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Researchers: There were billions of T Rexes


That sounds odd if they were apex predators but here is the reasoning:

With fossils few and far between, paleontologists have shied away from estimating the size of extinct populations. But UC Berkeley scientists decided to try, focusing on the North American predator T. rex. Using data from the latest fossil analyses, they concluded that some 20,000 adults likely roamed the continent at any one time, from Mexico to Canada. The species survived for perhaps 2.5 million years, which means that about 2.5 billion lived and died overall.

University of California – Berkeley, “How many T. rexes were there? Billions” at ScienceDaily

Give or take “a factor of 10,” we are told.

The UC Berkeley scientists mined the scientific literature and the expertise of colleagues for data they used to estimate that the likely age at sexual maturity of a T. rex was 15.5 years; its maximum lifespan was probably into its late 20s; and its average body mass as an adult — its so-called ecological body mass, — was about 5,200 kilograms, or 5.2 tons. They also used data on how quickly T. rexes grew over their life span: They had a growth spurt around sexual maturity and could grow to weigh about 7,000 kilograms, or 7 tons.

From these estimates, they also calculated that each generation lasted about 19 years, and that the average population density was about one dinosaur for every 100 square kilometers.

Then, estimating that the total geographic range of T. rex was about 2.3 million square kilometers, and that the species survived for roughly 2 1/2 million years, they calculated a standing population size of 20,000. Over a total of about 127,000 generations that the species lived, that translates to about 2.5 billion individuals overall.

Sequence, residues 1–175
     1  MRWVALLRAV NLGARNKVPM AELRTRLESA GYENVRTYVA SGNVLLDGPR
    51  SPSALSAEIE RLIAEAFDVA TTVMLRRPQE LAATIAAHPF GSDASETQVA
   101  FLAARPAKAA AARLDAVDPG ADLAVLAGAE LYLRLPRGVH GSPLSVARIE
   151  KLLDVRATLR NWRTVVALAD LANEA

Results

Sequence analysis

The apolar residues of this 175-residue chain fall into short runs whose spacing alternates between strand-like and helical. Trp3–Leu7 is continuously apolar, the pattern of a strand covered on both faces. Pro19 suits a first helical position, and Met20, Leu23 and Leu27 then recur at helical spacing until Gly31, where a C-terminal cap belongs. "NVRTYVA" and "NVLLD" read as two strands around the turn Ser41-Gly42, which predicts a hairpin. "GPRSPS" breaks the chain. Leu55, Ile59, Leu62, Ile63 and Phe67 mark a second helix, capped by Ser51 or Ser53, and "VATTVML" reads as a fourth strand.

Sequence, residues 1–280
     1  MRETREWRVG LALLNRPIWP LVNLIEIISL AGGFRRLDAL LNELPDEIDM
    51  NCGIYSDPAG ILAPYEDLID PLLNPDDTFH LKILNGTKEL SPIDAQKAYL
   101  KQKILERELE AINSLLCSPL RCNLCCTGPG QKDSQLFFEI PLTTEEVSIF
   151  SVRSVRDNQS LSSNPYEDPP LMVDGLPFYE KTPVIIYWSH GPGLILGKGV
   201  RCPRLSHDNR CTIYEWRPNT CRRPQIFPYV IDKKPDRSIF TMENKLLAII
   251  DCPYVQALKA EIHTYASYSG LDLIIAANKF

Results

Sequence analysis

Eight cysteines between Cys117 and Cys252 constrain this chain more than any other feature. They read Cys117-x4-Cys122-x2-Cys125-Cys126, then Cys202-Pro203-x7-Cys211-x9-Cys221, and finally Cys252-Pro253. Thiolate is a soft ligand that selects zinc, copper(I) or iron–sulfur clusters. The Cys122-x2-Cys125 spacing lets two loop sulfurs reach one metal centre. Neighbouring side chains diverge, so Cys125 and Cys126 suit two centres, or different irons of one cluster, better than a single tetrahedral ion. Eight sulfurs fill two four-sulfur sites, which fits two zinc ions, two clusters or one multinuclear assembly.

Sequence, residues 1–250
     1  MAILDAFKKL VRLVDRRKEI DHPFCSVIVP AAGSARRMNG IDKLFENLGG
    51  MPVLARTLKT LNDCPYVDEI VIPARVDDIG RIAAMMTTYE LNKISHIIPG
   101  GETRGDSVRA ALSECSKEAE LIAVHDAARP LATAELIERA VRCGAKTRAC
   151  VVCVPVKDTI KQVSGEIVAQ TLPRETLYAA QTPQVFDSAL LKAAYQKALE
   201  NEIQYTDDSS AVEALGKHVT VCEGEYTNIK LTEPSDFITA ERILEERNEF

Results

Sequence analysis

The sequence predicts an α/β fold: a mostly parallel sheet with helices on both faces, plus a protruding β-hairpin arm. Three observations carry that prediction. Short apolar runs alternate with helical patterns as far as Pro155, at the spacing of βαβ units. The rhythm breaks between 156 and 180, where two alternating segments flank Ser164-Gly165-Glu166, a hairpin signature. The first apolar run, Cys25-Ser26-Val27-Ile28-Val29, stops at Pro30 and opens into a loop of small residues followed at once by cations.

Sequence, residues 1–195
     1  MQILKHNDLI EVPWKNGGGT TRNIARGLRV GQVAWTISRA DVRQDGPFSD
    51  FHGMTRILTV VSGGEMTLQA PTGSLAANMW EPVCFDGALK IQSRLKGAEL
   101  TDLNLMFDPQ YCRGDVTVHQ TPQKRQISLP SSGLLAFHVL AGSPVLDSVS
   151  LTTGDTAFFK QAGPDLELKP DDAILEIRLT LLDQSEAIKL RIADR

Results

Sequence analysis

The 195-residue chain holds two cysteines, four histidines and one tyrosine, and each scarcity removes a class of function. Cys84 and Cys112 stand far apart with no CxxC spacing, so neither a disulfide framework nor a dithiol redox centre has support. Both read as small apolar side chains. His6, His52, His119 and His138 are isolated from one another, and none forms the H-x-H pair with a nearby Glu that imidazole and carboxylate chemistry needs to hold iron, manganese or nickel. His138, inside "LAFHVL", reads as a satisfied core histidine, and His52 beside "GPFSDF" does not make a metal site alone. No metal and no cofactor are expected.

With such a large number of post-juvenile dinosaurs over the history of the species, not to mention the juveniles that were presumably more numerous, where did all those bones go? What proportion of these individuals have been discovered by paleontologists? To date, fewer than 100 T. rex individuals have been found, many represented by a single fossilized bone.

“There are about 32 relatively well-preserved, post-juvenile T. rexes in public museums today,” he said. “Of all the post-juvenile adults that ever lived, this means we have about one in 80 million of them.” University of California – Berkeley, “How many T. rexes were there? Billions” at ScienceDaily

It’s anyone’s guess how much of this will hold up, but positing some numbers to dispute is a worthwhile effort at sleuthing.

The paper is open access.

Dino tales:

Well, 20k at one time is pretty sparse. That's about the same as the number of cities and towns in the continent now. Each T rex would dominate 100 square miles.polistra
April 16, 2021
01:14 AM

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